My thoughts is that a lot a companies see shipping as a means of making
a quick buck.
Just my 2 bob's worth.
So the fact that you'd probably pay the same $8 shipping charge for
several parts is totally lost on you?
Instead of $9 for parts and $8 for shipping, for a total of $17, you'd
rather pay $33 for the order? <G>
I see the broken out shipping fee as an honest policy. This is very
common in business-to-business transactions, as businesses actually
understand the costs of doing business. You'll often see an item cost,
a flat handling fee, and the actual shipper's cost.
They break it out.
shippingandhandling has the *perception* of being shipping cost plus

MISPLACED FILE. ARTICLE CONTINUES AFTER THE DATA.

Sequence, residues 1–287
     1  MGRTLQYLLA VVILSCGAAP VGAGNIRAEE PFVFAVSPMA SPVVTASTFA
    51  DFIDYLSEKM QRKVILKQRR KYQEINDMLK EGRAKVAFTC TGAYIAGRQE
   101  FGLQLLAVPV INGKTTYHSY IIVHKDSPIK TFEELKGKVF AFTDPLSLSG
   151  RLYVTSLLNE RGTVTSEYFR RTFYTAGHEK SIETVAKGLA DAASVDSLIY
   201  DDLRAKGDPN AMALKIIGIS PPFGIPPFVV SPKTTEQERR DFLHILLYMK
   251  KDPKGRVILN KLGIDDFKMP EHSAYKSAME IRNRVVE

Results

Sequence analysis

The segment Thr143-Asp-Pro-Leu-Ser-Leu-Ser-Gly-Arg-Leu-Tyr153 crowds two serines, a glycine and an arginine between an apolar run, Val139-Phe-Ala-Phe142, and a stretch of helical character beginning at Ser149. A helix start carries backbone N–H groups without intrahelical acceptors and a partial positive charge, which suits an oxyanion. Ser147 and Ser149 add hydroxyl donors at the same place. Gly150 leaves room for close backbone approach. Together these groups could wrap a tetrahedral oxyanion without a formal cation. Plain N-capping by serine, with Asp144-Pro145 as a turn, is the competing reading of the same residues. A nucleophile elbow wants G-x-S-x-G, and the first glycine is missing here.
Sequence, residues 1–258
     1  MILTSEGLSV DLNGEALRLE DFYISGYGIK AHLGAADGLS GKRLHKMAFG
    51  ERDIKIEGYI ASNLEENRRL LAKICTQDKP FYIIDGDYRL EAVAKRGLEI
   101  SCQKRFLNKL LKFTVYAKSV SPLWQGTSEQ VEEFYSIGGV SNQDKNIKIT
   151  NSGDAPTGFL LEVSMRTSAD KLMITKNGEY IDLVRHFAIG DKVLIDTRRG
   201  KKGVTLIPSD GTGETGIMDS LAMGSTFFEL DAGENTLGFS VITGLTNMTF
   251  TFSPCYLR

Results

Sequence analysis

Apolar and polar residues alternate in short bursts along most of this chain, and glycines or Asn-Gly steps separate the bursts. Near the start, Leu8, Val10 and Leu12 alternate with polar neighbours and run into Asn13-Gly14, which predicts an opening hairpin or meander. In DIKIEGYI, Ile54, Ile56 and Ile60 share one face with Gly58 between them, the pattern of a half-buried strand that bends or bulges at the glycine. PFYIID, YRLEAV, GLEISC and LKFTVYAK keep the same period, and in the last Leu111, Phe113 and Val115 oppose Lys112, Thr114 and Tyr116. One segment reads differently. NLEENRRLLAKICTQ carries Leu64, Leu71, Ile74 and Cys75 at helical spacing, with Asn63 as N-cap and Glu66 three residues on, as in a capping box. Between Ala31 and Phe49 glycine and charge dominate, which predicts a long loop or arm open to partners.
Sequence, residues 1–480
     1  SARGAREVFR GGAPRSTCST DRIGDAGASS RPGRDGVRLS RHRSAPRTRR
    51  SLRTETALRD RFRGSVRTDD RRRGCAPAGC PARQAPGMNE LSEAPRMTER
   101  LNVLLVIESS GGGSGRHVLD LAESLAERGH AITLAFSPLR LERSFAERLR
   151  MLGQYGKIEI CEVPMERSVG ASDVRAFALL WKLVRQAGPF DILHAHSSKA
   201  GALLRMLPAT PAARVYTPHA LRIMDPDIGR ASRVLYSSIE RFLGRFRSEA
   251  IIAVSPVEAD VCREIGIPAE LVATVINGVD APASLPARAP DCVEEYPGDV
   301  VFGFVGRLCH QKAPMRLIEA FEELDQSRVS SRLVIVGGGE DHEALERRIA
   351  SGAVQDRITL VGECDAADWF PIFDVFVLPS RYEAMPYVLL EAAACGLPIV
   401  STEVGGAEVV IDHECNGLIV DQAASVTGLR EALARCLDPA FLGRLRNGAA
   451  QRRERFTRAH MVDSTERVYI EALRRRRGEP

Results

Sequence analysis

HF has dirt cheap prices and the transaction fee pretty much indicates that
they intend to make up the profit in volume.... if you are not willing to
purchase in volume, then you pay a premium.
I agree that this is only semantically different than S&H, but *I* find it
to be refreshingly honest.
On Thu, 19 Oct 2006 07:36:29 -0500, firstname.lastname@example.org (James Silcott)
Yeah, we do. This is a burr under the saddle for a lot of people.
It's good to vent. Or do you prefer people accumulating their
frustrations and then one day exploding in rage, maybe harming others?
Life's full of frustrations. Gotta let it out somehow.
None (recent) if you subscribe to decent service and Google isalways there
for the archive.
The discussion is accurately labled, an it is in the context of woodworking
Dear Owner of The Net:
Kindly block the message threads you don't want to see rather than get up on
a horse and chastise the minions. Oh - no posts got "dropped off" because
of this thread. That's not how usenet works.